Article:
Prof Abhayaratne was the Dean of the Faculty at a time of tremendous political change and anxious uncertainty. He steered the ship into safety through stormy seas and retired in 1967. Although he richly deserved a long retirement, he passed away suddenly in 1969 of a heart attack. The Professor will be remembered for his personal qualities of kindness, integrity, warmth and humanity. Now I realise the sheer scale of his vision and his professionalism. Many of us have been greatly enriched by having known him and being his students. Our thanks go to one of the greats of our time and one of the finest to walk the corridors of the faculty. He truly was a credit to our profession. He left the world a better place and left the faculty of medicine up there with the finest institutions in the world. We will forever keep him in grateful memory.

He was sustained by an unflinching Christian faith that was central to his life. A regular church-goer, the Prof was the Warden of St Michael’s Church Polwatte for 7 years.

May his dear Soul Rest in Peace.


11 thoughts on “OER- A Tribute”

    1. Sam
      Thank you for a great blog. Going through the photos of the departed brings back many memories. Nihal Nagahawatte was my buddy in the Blood Transfusion Service. A great guy and a sad loss.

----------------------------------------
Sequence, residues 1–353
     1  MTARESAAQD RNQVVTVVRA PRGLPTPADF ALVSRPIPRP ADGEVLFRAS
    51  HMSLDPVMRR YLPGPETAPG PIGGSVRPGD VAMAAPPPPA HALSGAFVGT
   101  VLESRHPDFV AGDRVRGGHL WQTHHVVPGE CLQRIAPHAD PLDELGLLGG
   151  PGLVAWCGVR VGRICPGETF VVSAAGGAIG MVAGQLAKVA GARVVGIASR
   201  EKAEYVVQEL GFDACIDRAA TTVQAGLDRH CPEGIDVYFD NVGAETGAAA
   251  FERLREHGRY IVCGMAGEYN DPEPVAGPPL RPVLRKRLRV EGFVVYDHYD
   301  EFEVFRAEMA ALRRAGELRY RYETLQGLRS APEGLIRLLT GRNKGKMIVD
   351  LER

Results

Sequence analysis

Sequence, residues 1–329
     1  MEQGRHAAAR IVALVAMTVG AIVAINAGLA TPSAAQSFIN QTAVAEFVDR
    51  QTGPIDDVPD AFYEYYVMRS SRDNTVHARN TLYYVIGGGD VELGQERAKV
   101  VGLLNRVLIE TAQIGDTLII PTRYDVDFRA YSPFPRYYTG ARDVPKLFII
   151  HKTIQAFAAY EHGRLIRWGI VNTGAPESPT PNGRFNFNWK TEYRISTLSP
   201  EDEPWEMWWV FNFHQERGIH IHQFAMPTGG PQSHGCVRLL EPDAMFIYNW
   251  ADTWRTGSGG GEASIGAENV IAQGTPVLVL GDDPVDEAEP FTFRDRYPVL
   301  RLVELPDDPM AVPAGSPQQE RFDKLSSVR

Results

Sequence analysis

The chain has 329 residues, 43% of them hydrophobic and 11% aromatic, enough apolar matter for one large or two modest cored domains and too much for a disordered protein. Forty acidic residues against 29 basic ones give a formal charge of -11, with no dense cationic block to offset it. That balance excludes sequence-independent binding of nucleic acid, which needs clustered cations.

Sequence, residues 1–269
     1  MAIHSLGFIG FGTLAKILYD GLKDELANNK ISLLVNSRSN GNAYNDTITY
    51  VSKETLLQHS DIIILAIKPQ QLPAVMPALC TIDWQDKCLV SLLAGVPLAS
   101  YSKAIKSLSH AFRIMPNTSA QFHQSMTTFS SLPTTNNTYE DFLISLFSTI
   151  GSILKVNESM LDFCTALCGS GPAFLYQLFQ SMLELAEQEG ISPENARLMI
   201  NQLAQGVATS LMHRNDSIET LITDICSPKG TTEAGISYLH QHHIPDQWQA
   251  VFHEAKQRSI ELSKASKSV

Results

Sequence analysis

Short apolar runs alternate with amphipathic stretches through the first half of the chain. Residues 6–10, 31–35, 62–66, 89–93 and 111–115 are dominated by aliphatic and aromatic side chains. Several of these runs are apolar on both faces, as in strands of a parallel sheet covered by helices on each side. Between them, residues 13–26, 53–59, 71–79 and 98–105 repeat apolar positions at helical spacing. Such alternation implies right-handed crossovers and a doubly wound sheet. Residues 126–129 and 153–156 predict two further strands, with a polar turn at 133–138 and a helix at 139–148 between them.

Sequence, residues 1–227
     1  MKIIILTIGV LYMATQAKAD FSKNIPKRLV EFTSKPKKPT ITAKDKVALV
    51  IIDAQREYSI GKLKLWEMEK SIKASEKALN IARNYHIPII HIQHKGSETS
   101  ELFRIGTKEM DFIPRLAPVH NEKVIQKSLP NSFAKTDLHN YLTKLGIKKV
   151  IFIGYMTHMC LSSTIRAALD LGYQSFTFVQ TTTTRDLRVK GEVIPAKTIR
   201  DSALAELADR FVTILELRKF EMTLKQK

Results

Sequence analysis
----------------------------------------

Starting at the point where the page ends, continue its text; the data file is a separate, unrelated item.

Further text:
1. Thanks ND for this account on Prof. Abhayaratne. I gathered a lot of important information about his illustrious carrier.

    He was a “ Character “ in med school. Public health for me was a boring subject. However Prof A . made it interesting. I do remember his daughter Rohini in med school. I met her later in England during one of my visits to UK.



    1. Nisantha
      Thank you for the comment. OER was a wonderful human being worthy of praise. His daughter Rohini provided much of the information and the photo.


  2. Dear ND,
    Wonderful article about a wonderful man.
    Please keep on writing.
    With thanks for your contributions and my best wishes,


  3. Dear N D
    What an amazing tribute Beautifully written and accurate .I too felt like a gazelle chased by many huntsmen at my interview. Again it was Pachaya who came to my rescue .He knew I drove to the medical faculty for my interview .So to put me at ease his question was “how many traffic lights did you pass on your way to the faculty this morning? Of course we hardly had any traffic lights in Colombo those days so the answer was a simple ONE
    Answer correct. No more questions said Prof and I
    passed the test and got in to Medical


    1. Dear Pram
      So lovely to see you on the blog and making a comment. Glad you like my tribute to a great man. I just cannot imagine the Faculty without him. But it has gone on to great things.
      Warm regards